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1040 Ez 2010

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The 1040 Ez 2010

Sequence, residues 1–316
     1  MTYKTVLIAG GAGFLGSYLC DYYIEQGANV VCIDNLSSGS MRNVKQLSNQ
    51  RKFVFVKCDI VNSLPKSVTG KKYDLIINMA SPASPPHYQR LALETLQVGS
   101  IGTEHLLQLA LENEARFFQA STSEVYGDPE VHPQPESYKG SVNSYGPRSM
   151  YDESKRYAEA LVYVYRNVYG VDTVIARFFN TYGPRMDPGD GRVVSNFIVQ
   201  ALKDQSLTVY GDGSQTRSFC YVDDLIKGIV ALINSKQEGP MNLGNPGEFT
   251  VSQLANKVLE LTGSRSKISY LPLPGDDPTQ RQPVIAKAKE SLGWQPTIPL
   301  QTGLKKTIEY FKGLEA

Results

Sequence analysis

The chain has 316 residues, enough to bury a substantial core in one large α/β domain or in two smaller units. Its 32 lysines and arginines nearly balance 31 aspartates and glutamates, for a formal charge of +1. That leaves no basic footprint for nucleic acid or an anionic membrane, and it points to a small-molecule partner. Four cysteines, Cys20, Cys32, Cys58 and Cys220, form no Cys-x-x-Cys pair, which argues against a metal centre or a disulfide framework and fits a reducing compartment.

1040 ez 2010 13. 1040 ez 2010   Basis of Property Table of Contents Introduction Useful Items - You may want to see: Cost BasisReal Property Adjusted BasisIncreases to Basis Decreases to Basis Basis Other Than CostProperty Received for Services Taxable Exchanges Involuntary Conversions Nontaxable Exchanges Property Transferred From a Spouse Property Received as a Gift Inherited Property Property Changed From Personal to Business or Rental Use Stocks and Bonds Introduction This chapter discusses how to figure your basis in property. 1040 ez 2010 It is divided into the following sections. 1040 ez 2010 Cost basis. 1040 ez 2010 Adjusted basis. 1040 ez 2010 Basis other than cost. 1040 ez 2010 Your basis is the amount of your investment in property for tax purposes. 1040 ez 2010 Use the basis to figure gain or loss on the sale, exchange, or other disposition of property. 1040 ez 2010 Also use it to figure deductions for depreciation, amortization, depletion, and casualty losses. 1040 ez 2010 If you use property for both business or investment purposes and for personal purposes, you must allocate the basis based on the use. 1040 ez 2010 Only the basis allocated to the business or investment use of the property can be depreciated. 1040 ez 2010 Your original basis in property is adjusted (increased or decreased) by certain events. 1040 ez 2010 For example, if you make improvements to the property, increase your basis. 1040 ez 2010 If you take deductions for depreciation or casualty losses, or claim certain credits, reduce your basis. 1040 ez 2010 Keep accurate records of all items that affect the basis of your property. 1040 ez 2010 For more information on keeping records, see chapter 1. 1040 ez 2010 Useful Items - You may want to see: Publication 15-B Employer's Tax Guide to Fringe Benefits 525 Taxable and Nontaxable Income 535 Business Expenses 537 Installment Sales 544 Sales and Other Dispositions of Assets 550 Investment Income and Expenses 551 Basis of Assets 946 How To Depreciate Property Cost Basis The basis of property you buy is usually its cost. 1040 ez 2010 The cost is the amount you pay in cash, debt obligations, other property, or services. 1040 ez 2010 Your cost also includes amounts you pay for the following items: Sales tax, Freight, Installation and testing, Excise taxes, Legal and accounting fees (when they must be capitalized), Revenue stamps, Recording fees, and Real estate taxes (if you assume liability for the seller). 1040 ez 2010 In addition, the basis of real estate and business assets may include other items. 1040 ez 2010 Loans with low or no interest. 1040 ez 2010    If you buy property on a time-payment plan that charges little or no interest, the basis of your property is your stated purchase price minus any amount considered to be unstated interest. 1040 ez 2010 You generally have unstated interest if your interest rate is less than the applicable federal rate. 1040 ez 2010   For more information, see Unstated Interest and Original Issue Discount (OID) in Publication 537. 1040 ez 2010 Real Property Real property, also called real estate, is land and generally anything built on, growing on, or attached to land. 1040 ez 2010 If you buy real property, certain fees and other expenses you pay are part of your cost basis in the property. 1040 ez 2010 Lump sum purchase. 1040 ez 2010   If you buy buildings and the land on which they stand for a lump sum, allocate the cost basis among the land and the buildings. 1040 ez 2010 Allocate the cost basis according to the respective fair market values (FMVs) of the land and buildings at the time of purchase. 1040 ez 2010 Figure the basis of each asset by multiplying the lump sum by a fraction. 1040 ez 2010 The numerator is the FMV of that asset and the denominator is the FMV of the whole property at the time of purchase. 1040 ez 2010    If you are not certain of the FMVs of the land and buildings, you can allocate the basis according to their assessed values for real estate tax purposes. 1040 ez 2010 Fair market value (FMV). 1040 ez 2010   FMV is the price at which the property would change hands between a willing buyer and a willing seller, neither having to buy or sell, and both having reasonable knowledge of all the necessary facts. 1040 ez 2010 Sales of similar property on or about the same date may be helpful in figuring the FMV of the property. 1040 ez 2010 Assumption of mortgage. 1040 ez 2010   If you buy property and assume (or buy the property subject to) an existing mortgage on the property, your basis includes the amount you pay for the property plus the amount to be paid on the mortgage. 1040 ez 2010 Settlement costs. 1040 ez 2010   Your basis includes the settlement fees and closing costs you paid for buying the property. 1040 ez 2010 (A fee for buying property is a cost that must be paid even if you buy the property for cash. 1040 ez 2010 ) Do not include fees and costs for getting a loan on the property in your basis. 1040 ez 2010   The following are some of the settlement fees or closing costs you can include in the basis of your property. 1040 ez 2010 Abstract fees (abstract of title fees). 1040 ez 2010 Charges for installing utility services. 1040 ez 2010 Legal fees (including fees for the title search and preparation of the sales contract and deed). 1040 ez 2010 Recording fees. 1040 ez 2010 Survey fees. 1040 ez 2010 Transfer taxes. 1040 ez 2010 Owner's title insurance. 1040 ez 2010 Any amounts the seller owes that you agree to pay, such as back taxes or interest, recording or mortgage fees, charges for improvements or repairs, and sales commissions. 1040 ez 2010   Settlement costs do not include amounts placed in escrow for the future payment of items such as taxes and insurance. 1040 ez 2010   The following are some of the settlement fees and closing costs you cannot include in the basis of property. 1040 ez 2010 Casualty insurance premiums. 1040 ez 2010 Rent for occupancy of the property before closing. 1040 ez 2010 Charges for utilities or other services related to occupancy of the property before closing. 1040 ez 2010 Charges connected with getting a loan, such as points (discount points, loan origination fees), mortgage insurance premiums, loan assumption fees, cost of a credit report, and fees for an appraisal required by a lender. 1040 ez 2010 Fees for refinancing a mortgage. 1040 ez 2010 Real estate taxes. 1040 ez 2010   If you pay real estate taxes the seller owed on real property you bought, and the seller did not reimburse you, treat those taxes as part of your basis. 1040 ez 2010 You cannot deduct them as an expense. 1040 ez 2010    If you reimburse the seller for taxes the seller paid for you, you can usually deduct that amount as an expense in the year of purchase. 1040 ez 2010 Do not include that amount in the basis of your property. 1040 ez 2010 If you did not reimburse the seller, you must reduce your basis by the amount of those taxes. 1040 ez 2010 Points. 1040 ez 2010   If you pay points to get a loan (including a mortgage, second mortgage, line of credit, or a home equity loan), do not add the points to the basis of the related property. 1040 ez 2010 Generally, you deduct the points over the term of the loan. 1040 ez 2010 For more information on how to deduct points, see chapter 23. 1040 ez 2010 Points on home mortgage. 1040 ez 2010   Special rules may apply to points you and the seller pay when you get a mortgage to buy your main home. 1040 ez 2010 If certain requirements are met, you can deduct the points in full for the year in which they are paid. 1040 ez 2010 Reduce the basis of your home by any seller-paid points. 1040 ez 2010 Adjusted Basis Before figuring gain or loss on a sale, exchange, or other disposition of property or figuring allowable depreciation, depletion, or amortization, you must usually make certain adjustments (increases and decreases) to the cost basis or basis other than cost (discussed later) of the property. 1040 ez 2010 The result is the adjusted basis. 1040 ez 2010 Increases to Basis Increase the basis of any property by all items properly added to a capital account. 1040 ez 2010 Examples of items that increase basis are shown in Table 13-1. 1040 ez 2010 These include the items discussed below. 1040 ez 2010 Improvements. 1040 ez 2010   Add to your basis in property the cost of improvements having a useful life of more than 1 year, that increase the value of the property, lengthen its life, or adapt it to a different use. 1040 ez 2010 For example, improvements include putting a recreation room in your unfinished basement, adding another bathroom or bedroom, putting up a fence, putting in new plumbing or wiring, installing a new roof, or paving your driveway. 1040 ez 2010 Assessments for local improvements. 1040 ez 2010   Add to the basis of property assessments for improvements such as streets and sidewalks if they increase the value of the property assessed. 1040 ez 2010 Do not deduct them as taxes. 1040 ez 2010 However, you can deduct as taxes assessments for maintenance or repairs, or for meeting interest charges related to the improvements. 1040 ez 2010 Example. 1040 ez 2010 Your city changes the street in front of your store into an enclosed pedestrian mall and assesses you and other affected property owners for the cost of the conversion. 1040 ez 2010 Add the assessment to your property's basis. 1040 ez 2010 In this example, the assessment is a depreciable asset. 1040 ez 2010 Decreases to Basis Decrease the basis of any property by all items that represent a return of capital for the period during which you held the property. 1040 ez 2010 Examples of items that decrease basis are shown in Table 13-1. 1040 ez 2010 These include the items discussed below. 1040 ez 2010 Table 13-1. 1040 ez 2010 Examples of Adjustments to Basis Increases to Basis Decreases to Basis • Capital improvements: • Exclusion from income of   Putting an addition on your home subsidies for energy conservation   Replacing an entire roof measures   Paving your driveway     Installing central air conditioning • Casualty or theft loss deductions   Rewiring your home and insurance reimbursements       • Assessments for local improvements:     Water connections     Extending utility service lines to the property • Postponed gain from the sale of a home   Sidewalks • Alternative motor vehicle credit  (Form 8910)   Roads       • Alternative fuel vehicle refueling     property credit (Form 8911)           • Residential energy credits (Form 5695)       • Casualty losses: • Depreciation and section 179 deduction   Restoring damaged property     • Nontaxable corporate distributions • Legal fees:     Cost of defending and perfecting a title • Certain canceled debt excluded from   Fees for getting a reduction of an assessment income     • Zoning costs • Easements           • Adoption tax benefits Casualty and theft losses. 1040 ez 2010   If you have a casualty or theft loss, decrease the basis in your property by any insurance proceeds or other reimbursement and by any deductible loss not covered by insurance. 1040 ez 2010    You must increase your basis in the property by the amount you spend on repairs that restore the property to its pre-casualty condition. 1040 ez 2010   For more information on casualty and theft losses, see chapter 25. 1040 ez 2010 Depreciation and section 179 deduction. 1040 ez 2010   Decrease the basis of your qualifying business property by any section 179 deduction you take and the depreciation you deducted, or could have deducted (including any special depreciation allowance), on your tax returns under the method of depreciation you selected. 1040 ez 2010   For more information about depreciation and the section 179 deduction, see Publication 946 and the Instructions for Form 4562. 1040 ez 2010 Example. 1040 ez 2010 You owned a duplex used as rental property that cost you $40,000, of which $35,000 was allocated to the building and $5,000 to the land. 1040 ez 2010 You added an improvement to the duplex that cost $10,000. 1040 ez 2010 In February last year, the duplex was damaged by fire. 1040 ez 2010 Up to that time, you had been allowed depreciation of $23,000. 1040 ez 2010 You sold some salvaged material for $1,300 and collected $19,700 from your insurance company. 1040 ez 2010 You deducted a casualty loss of $1,000 on your income tax return for last year. 1040 ez 2010 You spent $19,000 of the insurance proceeds for restoration of the duplex, which was completed this year. 1040 ez 2010 You must use the duplex's adjusted basis after the restoration to determine depreciation for the rest of the property's recovery period. 1040 ez 2010 Figure the adjusted basis of the duplex as follows: Original cost of duplex $35,000 Addition to duplex 10,000 Total cost of duplex $45,000 Minus: Depreciation 23,000 Adjusted basis before casualty $22,000 Minus: Insurance proceeds $19,700     Deducted casualty loss 1,000     Salvage proceeds 1,300 22,000 Adjusted basis after casualty $-0- Add: Cost of restoring duplex 19,000 Adjusted basis after restoration $19,000 Note. 1040 ez 2010 Your basis in the land is its original cost of $5,000. 1040 ez 2010 Easements. 1040 ez 2010   The amount you receive for granting an easement is generally considered to be proceeds from the sale of an interest in real property. 1040 ez 2010 It reduces the basis of the affected part of the property. 1040 ez 2010 If the amount received is more than the basis of the part of the property affected by the easement, reduce your basis in that part to zero and treat the excess as a recognized gain. 1040 ez 2010   If the gain is on a capital asset, see chapter 16 for information about how to report it. 1040 ez 2010 If the gain is on property used in a trade or business, see Publication 544 for information about how to report it. 1040 ez 2010 Exclusion of subsidies for energy conservation measures. 1040 ez 2010   You can exclude from gross income any subsidy you received from a public utility company for the purchase or installation of an energy conservation measure for a dwelling unit. 1040 ez 2010 Reduce the basis of the property for which you received the subsidy by the excluded amount. 1040 ez 2010 For more information about this subsidy, see chapter 12. 1040 ez 2010 Postponed gain from sale of home. 1040 ez 2010    If you postponed gain from the sale of your main home under rules in effect before May 7, 1997, you must reduce the basis of the home you acquired as a replacement by the amount of the postponed gain. 1040 ez 2010 For more information on the rules for the sale of a home, see chapter 15. 1040 ez 2010 Basis Other Than Cost There are many times when you cannot use cost as basis. 1040 ez 2010 In these cases, the fair market value or the adjusted basis of the property can be used. 1040 ez 2010 Fair market value (FMV) and adjusted basis were discussed earlier. 1040 ez 2010 Property Received for Services If you receive property for your services, include the FMV of the property in income. 1040 ez 2010 The amount you include in income becomes your basis. 1040 ez 2010 If the services were performed for a price agreed on beforehand, it will be accepted as the FMV of the property if there is no evidence to the contrary. 1040 ez 2010 Restricted property. 1040 ez 2010   If you receive property for your services and the property is subject to certain restrictions, your basis in the property is its FMV when it becomes substantially vested. 1040 ez 2010 However, this rule does not apply if you make an election to include in income the FMV of the property at the time it is transferred to you, less any amount you paid for it. 1040 ez 2010 Property is substantially vested when it is transferable or when it is not subject to a substantial risk of forfeiture (you do not have a good chance of losing it). 1040 ez 2010 For more information, see Restricted Property in Publication 525. 1040 ez 2010 Bargain purchases. 1040 ez 2010   A bargain purchase is a purchase of an item for less than its FMV. 1040 ez 2010 If, as compensation for services, you buy goods or other property at less than FMV, include the difference between the purchase price and the property's FMV in your income. 1040 ez 2010 Your basis in the property is its FMV (your purchase price plus the amount you include in income). 1040 ez 2010   If the difference between your purchase price and the FMV is a qualified employee discount, do not include the difference in income. 1040 ez 2010 However, your basis in the property is still its FMV. 1040 ez 2010 See Employee Discounts in Publication 15-B. 1040 ez 2010 Taxable Exchanges A taxable exchange is one in which the gain is taxable or the loss is deductible. 1040 ez 2010 A taxable gain or deductible loss also is known as a recognized gain or loss. 1040 ez 2010 If you receive property in exchange for other property in a taxable exchange, the basis of the property you receive is usually its FMV at the time of the exchange. 1040 ez 2010 Involuntary Conversions If you receive replacement property as a result of an involuntary conversion, such as a casualty, theft, or condemnation, figure the basis of the replacement property using the basis of the converted property. 1040 ez 2010 Similar or related property. 1040 ez 2010   If you receive replacement property similar or related in service or use to the converted property, the replacement property's basis is the same as the converted property's basis on the date of the conversion, with the following adjustments. 1040 ez 2010 Decrease the basis by the following. 1040 ez 2010 Any loss you recognize on the involuntary conversion. 1040 ez 2010 Any money you receive that you do not spend on similar property. 1040 ez 2010 Increase the basis by the following. 1040 ez 2010 Any gain you recognize on the involuntary conversion. 1040 ez 2010 Any cost of acquiring the replacement property. 1040 ez 2010 Money or property not similar or related. 1040 ez 2010    If you receive money or property not similar or related in service or use to the converted property, and you buy replacement property similar or related in service or use to the converted property, the basis of the replacement property is its cost decreased by the gain not recognized on the conversion. 1040 ez 2010 Example. 1040 ez 2010 The state condemned your property. 1040 ez 2010 The adjusted basis of the property was $26,000 and the state paid you $31,000 for it. 1040 ez 2010 You realized a gain of $5,000 ($31,000 − $26,000). 1040 ez 2010 You bought replacement property similar in use to the converted property for $29,000. 1040 ez 2010 You recognize a gain of $2,000 ($31,000 − $29,000), the unspent part of the payment from the state. 1040 ez 2010 Your unrecognized gain is $3,000, the difference between the $5,000 realized gain and the $2,000 recognized gain. 1040 ez 2010 The basis of the replacement property is figured as follows: Cost of replacement property $29,000 Minus: Gain not recognized 3,000 Basis of replacement property $26,000 Allocating the basis. 1040 ez 2010   If you buy more than one piece of replacement property, allocate your basis among the properties based on their respective costs. 1040 ez 2010 Basis for depreciation. 1040 ez 2010   Special rules apply in determining and depreciating the basis of MACRS property acquired in an involuntary conversion. 1040 ez 2010 For information, see What Is the Basis of Your Depreciable Property? in chapter 1 of Publication 946. 1040 ez 2010 Nontaxable Exchanges A nontaxable exchange is an exchange in which you are not taxed on any gain and you cannot deduct any loss. 1040 ez 2010 If you receive property in a nontaxable exchange, its basis is generally the same as the basis of the property you transferred. 1040 ez 2010 See Nontaxable Trades in chapter 14. 1040 ez 2010 Like-Kind Exchanges The exchange of property for the same kind of property is the most common type of nontaxable exchange. 1040 ez 2010 To qualify as a like-kind exchange, the property traded and the property received must be both of the following. 1040 ez 2010 Qualifying property. 1040 ez 2010 Like-kind property. 1040 ez 2010 The basis of the property you receive is generally the same as the adjusted basis of the property you gave up. 1040 ez 2010 If you trade property in a like-kind exchange and also pay money, the basis of the property received is the adjusted basis of the property you gave up increased by the money you paid. 1040 ez 2010 Qualifying property. 1040 ez 2010   In a like-kind exchange, you must hold for investment or for productive use in your trade or business both the property you give up and the property you receive. 1040 ez 2010 Like-kind property. 1040 ez 2010   There must be an exchange of like-kind property. 1040 ez 2010 Like-kind properties are properties of the same nature or character, even if they differ in grade or quality. 1040 ez 2010 The exchange of real estate for real estate and personal property for similar personal property are exchanges of like-kind property. 1040 ez 2010 Example. 1040 ez 2010 You trade in an old truck used in your business with an adjusted basis of $1,700 for a new one costing $6,800. 1040 ez 2010 The dealer allows you $2,000 on the old truck, and you pay $4,800. 1040 ez 2010 This is a like-kind exchange. 1040 ez 2010 The basis of the new truck is $6,500 (the adjusted basis of the old one, $1,700, plus the amount you paid, $4,800). 1040 ez 2010 If you sell your old truck to a third party for $2,000 instead of trading it in and then buy a new one from the dealer, you have a taxable gain of $300 on the sale (the $2,000 sale price minus the $1,700 adjusted basis). 1040 ez 2010 The basis of the new truck is the price you pay the dealer. 1040 ez 2010 Partially nontaxable exchanges. 1040 ez 2010   A partially nontaxable exchange is an exchange in which you receive unlike property or money in addition to like-kind property. 1040 ez 2010 The basis of the property you receive is the same as the adjusted basis of the property you gave up, with the following adjustments. 1040 ez 2010 Decrease the basis by the following amounts. 1040 ez 2010 Any money you receive. 1040 ez 2010 Any loss you recognize on the exchange. 1040 ez 2010 Increase the basis by the following amounts. 1040 ez 2010 Any additional costs you incur. 1040 ez 2010 Any gain you recognize on the exchange. 1040 ez 2010 If the other party to the exchange assumes your liabilities, treat the debt assumption as money you received in the exchange. 1040 ez 2010 Allocation of basis. 1040 ez 2010   If you receive like-kind and unlike properties in the exchange, allocate the basis first to the unlike property, other than money, up to its FMV on the date of the exchange. 1040 ez 2010 The rest is the basis of the like-kind property. 1040 ez 2010 More information. 1040 ez 2010   See Like-Kind Exchanges in chapter 1 of Publication 544 for more information. 1040 ez 2010 Basis for depreciation. 1040 ez 2010   Special rules apply in determining and depreciating the basis of MACRS property acquired in a like-kind exchange. 1040 ez 2010 For information, see What Is the Basis of Your Depreciable Property? in chapter 1 of Publication 946. 1040 ez 2010 Property Transferred From a Spouse The basis of property transferred to you or transferred in trust for your benefit by your spouse is the same as your spouse's adjusted basis. 1040 ez 2010 The same rule applies to a transfer by your former spouse that is incident to divorce. 1040 ez 2010 However, for property transferred in trust, adjust your basis for any gain recognized by your spouse or former spouse if the liabilities assumed, plus the liabilities to which the property is subject, are more than the adjusted basis of the property transferred. 1040 ez 2010 If the property transferred to you is a series E, series EE, or series I U. 1040 ez 2010 S. 1040 ez 2010 savings bond, the transferor must include in income the interest accrued to the date of transfer. 1040 ez 2010 Your basis in the bond immediately after the transfer is equal to the transferor's basis increased by the interest income includible in the transferor's income. 1040 ez 2010 For more information on these bonds, see chapter 7. 1040 ez 2010 At the time of the transfer, the transferor must give you the records needed to determine the adjusted basis and holding period of the property as of the date of the transfer. 1040 ez 2010 For more information about the transfer of property from a spouse, see chapter 14. 1040 ez 2010 Property Received as a Gift To figure the basis of property you receive as a gift, you must know its adjusted basis to the donor just before it was given to you, its FMV at the time it was given to you, and any gift tax paid on it. 1040 ez 2010 FMV less than donor's adjusted basis. 1040 ez 2010   If the FMV of the property at the time of the gift is less than the donor's adjusted basis, your basis depends on whether you have a gain or a loss when you dispose of the property. 1040 ez 2010 Your basis for figuring gain is the same as the donor's adjusted basis plus or minus any required adjustments to basis while you held the property. 1040 ez 2010 Your basis for figuring loss is its FMV when you received the gift plus or minus any required adjustments to basis while you held the property. 1040 ez 2010 See Adjusted Basis , earlier. 1040 ez 2010 Example. 1040 ez 2010 You received an acre of land as a gift. 1040 ez 2010 At the time of the gift, the land had an FMV of $8,000. 1040 ez 2010 The donor's adjusted basis was $10,000. 1040 ez 2010 After you received the property, no events occurred to increase or decrease your basis. 1040 ez 2010 If you later sell the property for $12,000, you will have a $2,000 gain because you must use the donor's adjusted basis at the time of the gift ($10,000) as your basis to figure gain. 1040 ez 2010 If you sell the property for $7,000, you will have a $1,000 loss because you must use the FMV at the time of the gift ($8,000) as your basis to figure loss. 1040 ez 2010 If the sales price is between $8,000 and $10,000, you have neither gain nor loss. 1040 ez 2010 Business property. 1040 ez 2010   If you hold the gift as business property, your basis for figuring any depreciation, depletion, or amortization deductions is the same as the donor's adjusted basis plus or minus any required adjustments to basis while you hold the property. 1040 ez 2010 FMV equal to or greater than donor's adjusted basis. 1040 ez 2010   If the FMV of the property is equal to or greater than the donor's adjusted basis, your basis is the donor's adjusted basis at the time you received the gift. 1040 ez 2010 Increase your basis by all or part of any gift tax paid, depending on the date of the gift, explained later. 1040 ez 2010   Also, for figuring gain or loss from a sale or other disposition or for figuring depreciation, depletion, or amortization deductions on business property, you must increase or decrease your basis (the donor's adjusted basis) by any required adjustments to basis while you held the property. 1040 ez 2010 See Adjusted Basis , earlier. 1040 ez 2010   If you received a gift during the tax year, increase your basis in the gift (the donor's adjusted basis) by the part of the gift tax paid on it due to the net increase in value of the gift. 1040 ez 2010 Figure the increase by multiplying the gift tax paid by a fraction. 1040 ez 2010 The numerator of the fraction is the net increase in value of the gift and the denominator is the amount of the gift. 1040 ez 2010   The net increase in value of the gift is the FMV of the gift minus the donor's adjusted basis. 1040 ez 2010 The amount of the gift is its value for gift tax purposes after reduction by any annual exclusion and marital or charitable deduction that applies to the gift. 1040 ez 2010 Example. 1040 ez 2010 In 2013, you received a gift of property from your mother that had an FMV of $50,000. 1040 ez 2010 Her adjusted basis was $20,000. 1040 ez 2010 The amount of the gift for gift tax purposes was $36,000 ($50,000 minus the $14,000 annual exclusion). 1040 ez 2010 She paid a gift tax of $7,320 on the property. 1040 ez 2010 Your basis is $26,076, figured as follows: Fair market value $50,000 Minus: Adjusted basis −20,000 Net increase in value $30,000     Gift tax paid $7,320 Multiplied by ($30,000 ÷ $36,000) × . 1040 ez 2010 83 Gift tax due to net increase in value $6,076 Adjusted basis of property to your mother +20,000 Your basis in the property $26,076 Note. 1040 ez 2010 If you received a gift before 1977, your basis in the gift (the donor's adjusted basis) includes any gift tax paid on it. 1040 ez 2010 However, your basis cannot exceed the FMV of the gift at the time it was given to you. 1040 ez 2010 Inherited Property Your basis in property you inherited from a decedent, who died before January 1, 2010, or after December 31, 2010, is generally one of the following: The FMV of the property at the date of the decedent's death. 1040 ez 2010 The FMV on the alternate valuation date if the personal representative for the estate elects to use alternate valuation. 1040 ez 2010 The value under the special-use valuation method for real property used in farming or a closely held business if elected for estate tax purposes. 1040 ez 2010 The decedent's adjusted basis in land to the extent of the value excluded from the decedent's taxable estate as a qualified conservation easement. 1040 ez 2010 If a federal estate tax return does not have to be filed, your basis in the inherited property is its appraised value at the date of death for state inheritance or transmission taxes. 1040 ez 2010 For more information, see the instructions to Form 706, United States Estate (and Generation-Skipping Transfer) Tax Return. 1040 ez 2010 Property inherited from a decedent who died in 2010. 1040 ez 2010   If you inherited property from a decedent who died in 2010, special rules may apply. 1040 ez 2010 For more information, see Publication 4895, Tax Treatment of Property Acquired From a Decedent Dying in 2010. 1040 ez 2010 Community property. 1040 ez 2010   In community property states (Arizona, California, Idaho, Louisiana, Nevada, New Mexico, Texas, Washington, and Wisconsin), husband and wife are each usually considered to own half the community property. 1040 ez 2010 When either spouse dies, the total value of the community property, even the part belonging to the surviving spouse, generally becomes the basis of the entire property. 1040 ez 2010 For this rule to apply, at least half the value of the community property interest must be includible in the decedent's gross estate, whether or not the estate must file a return. 1040 ez 2010 Example. 1040 ez 2010 You and your spouse owned community property that had a basis of $80,000. 1040 ez 2010 When your spouse died, half the FMV of the community interest was includible in your spouse's estate. 1040 ez 2010 The FMV of the community interest was $100,000. 1040 ez 2010 The basis of your half of the property after the death of your spouse is $50,000 (half of the $100,000 FMV). 1040 ez 2010 The basis of the other half to your spouse's heirs is also $50,000. 1040 ez 2010 For more information about community property, see Publication 555, Community Property. 1040 ez 2010 Property Changed From Personal to Business or Rental Use If you hold property for personal use and then change it to business use or use it to produce rent, you can begin to depreciate the property at the time of the change. 1040 ez 2010 To do so, you must figure its basis for depreciation at the time of the change. 1040 ez 2010 An example of changing property held for personal use to business or rental use would be renting out your former personal residence. 1040 ez 2010 Basis for depreciation. 1040 ez 2010   The basis for depreciation is the lesser of the following amounts. 1040 ez 2010 The FMV of the property on the date of the change. 1040 ez 2010 Your adjusted basis on the date of the change. 1040 ez 2010 Example. 1040 ez 2010 Several years ago, you paid $160,000 to have your house built on a lot that cost $25,000. 1040 ez 2010 You paid $20,000 for permanent improvements to the house and claimed a $2,000 casualty loss deduction for damage to the house before changing the property to rental use last year. 1040 ez 2010 Because land is not depreciable, you include only the cost of the house when figuring the basis for depreciation. 1040 ez 2010 Your adjusted basis in the house when you changed its use was $178,000 ($160,000 + $20,000 − $2,000). 1040 ez 2010 On the same date, your property had an FMV of $180,000, of which $15,000 was for the land and $165,000 was for the house. 1040 ez 2010 The basis for figuring depreciation on the house is its FMV on the date of the change ($165,000) because it is less than your adjusted basis ($178,000). 1040 ez 2010 Sale of property. 1040 ez 2010   If you later sell or dispose of property changed to business or rental use, the basis you use will depend on whether you are figuring gain or loss. 1040 ez 2010 Gain. 1040 ez 2010   The basis for figuring a gain is your adjusted basis in the property when you sell the property. 1040 ez 2010 Example. 1040 ez 2010 Assume the same facts as in the previous example except that you sell the property at a gain after being allowed depreciation deductions of $37,500. 1040 ez 2010 Your adjusted basis for figuring gain is $165,500 ($178,000 + $25,000 (land) − $37,500). 1040 ez 2010 Loss. 1040 ez 2010   Figure the basis for a loss starting with the smaller of your adjusted basis or the FMV of the property at the time of the change to business or rental use. 1040 ez 2010 Then make adjustments (increases and decreases) for the period after the change in the property's use, as discussed earlier under Adjusted Basis . 1040 ez 2010 Example. 1040 ez 2010 Assume the same facts as in the previous example, except that you sell the property at a loss after being allowed depreciation deductions of $37,500. 1040 ez 2010 In this case, you would start with the FMV on the date of the change to rental use ($180,000), because it is less than the adjusted basis of $203,000 ($178,000 + $25,000 (land)) on that date. 1040 ez 2010 Reduce that amount ($180,000) by the depreciation deductions ($37,500). 1040 ez 2010 The basis for loss is $142,500 ($180,000 − $37,500). 1040 ez 2010 Stocks and Bonds The basis of stocks or bonds you buy generally is the purchase price plus any costs of purchase, such as commissions and recording or transfer fees. 1040 ez 2010 If you get stocks or bonds other than by purchase, your basis is usually determined by the FMV or the previous owner's adjusted basis, as discussed earlier. 1040 ez 2010 You must adjust the basis of stocks for certain events that occur after purchase. 1040 ez 2010 For example, if you receive additional stock from nontaxable stock dividends or stock splits, reduce your basis for each share of stock by dividing the adjusted basis of the old stock by the number of shares of old and new stock. 1040 ez 2010 This rule applies only when the additional stock received is identical to the stock held. 1040 ez 2010 Also reduce your basis when you receive nontaxable distributions. 1040 ez 2010 They are a return of capital. 1040 ez 2010 Example. 1040 ez 2010 In 2011 you bought 100 shares of XYZ stock for $1,000 or $10 a share. 1040 ez 2010 In 2012 you bought 100 shares of XYZ stock for $1,600 or $16 a share. 1040 ez 2010 In 2013 XYZ declared a 2-for-1 stock split. 1040 ez 2010 You now have 200 shares of stock with a basis of $5 a share and 200 shares with a basis of $8 a share. 1040 ez 2010 Other basis. 1040 ez 2010   There are other ways to figure the basis of stocks or bonds depending on how you acquired them. 1040 ez 2010 For detailed information, see Stocks and Bonds under Basis of Investment Property in chapter 4 of Publication 550. 1040 ez 2010 Identifying stocks or bonds sold. 1040 ez 2010   If you can adequately identify the shares of stock or the bonds you sold, their basis is the cost or other basis of the particular shares of stocks or bonds. 1040 ez 2010 If you buy and sell securities at various times in varying quantities and you cannot adequately identify the shares you sell, the basis of the securities you sell is the basis of the securities you acquired first. 1040 ez 2010 For more information about identifying securities you sell, see Stocks and Bonds under Basis of Investment Property in chapter 4 of Publication 550. 1040 ez 2010 Mutual fund shares. 1040 ez 2010   If you sell mutual fund shares you acquired at various times and prices and left on deposit in an account kept by a custodian or agent, you can elect to use an average basis. 1040 ez 2010 For more information, see Publication 550. 1040 ez 2010 Bond premium. 1040 ez 2010   If you buy a taxable bond at a premium and elect to amortize the premium, reduce the basis of the bond by the amortized premium you deduct each year. 1040 ez 2010 See Bond Premium Amortization in chapter 3 of Publication 550 for more information. 1040 ez 2010 Although you cannot deduct the premium on a tax-exempt bond, you must amortize the premium each year and reduce your basis in the bond by the amortized amount. 1040 ez 2010 Original issue discount (OID) on debt instruments. 1040 ez 2010   You must increase your basis in an OID debt instrument by the OID you include in income for that instrument. 1040 ez 2010 See Original Issue Discount (OID) in chapter 7 and Publication 1212, Guide To Original Issue Discount (OID) Instruments. 1040 ez 2010 Tax-exempt obligations. 1040 ez 2010    OID on tax-exempt obligations is generally not taxable. 1040 ez 2010 However, when you dispose of a tax-exempt obligation issued after September 3, 1982, and acquired after March 1, 1984, you must accrue OID on the obligation to determine its adjusted basis. 1040 ez 2010 The accrued OID is added to the basis of the obligation to determine your gain or loss. 1040 ez 2010 See chapter 4 of Publication 550. 1040 ez 2010 Prev  Up  Next   Home   More Online Publications